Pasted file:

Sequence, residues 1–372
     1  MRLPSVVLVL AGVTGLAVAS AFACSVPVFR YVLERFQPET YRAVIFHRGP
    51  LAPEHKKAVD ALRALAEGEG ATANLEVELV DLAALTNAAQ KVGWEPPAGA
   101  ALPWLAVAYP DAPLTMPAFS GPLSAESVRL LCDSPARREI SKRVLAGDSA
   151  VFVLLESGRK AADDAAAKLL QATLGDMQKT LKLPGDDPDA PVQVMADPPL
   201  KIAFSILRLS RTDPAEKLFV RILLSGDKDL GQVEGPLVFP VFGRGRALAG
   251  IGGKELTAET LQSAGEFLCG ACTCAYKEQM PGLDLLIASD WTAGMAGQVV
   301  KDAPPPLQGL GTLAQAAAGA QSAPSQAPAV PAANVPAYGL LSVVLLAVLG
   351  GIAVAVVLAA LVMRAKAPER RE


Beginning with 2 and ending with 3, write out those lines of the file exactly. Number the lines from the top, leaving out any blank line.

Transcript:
     1  MRLPSVVLVL AGVTGLAVAS AFACSVPVFR YVLERFQPET YRAVIFHRGP
    51  LAPEHKKAVD ALRALAEGEG ATANLEVELV DLAALTNAAQ KVGWEPPAGA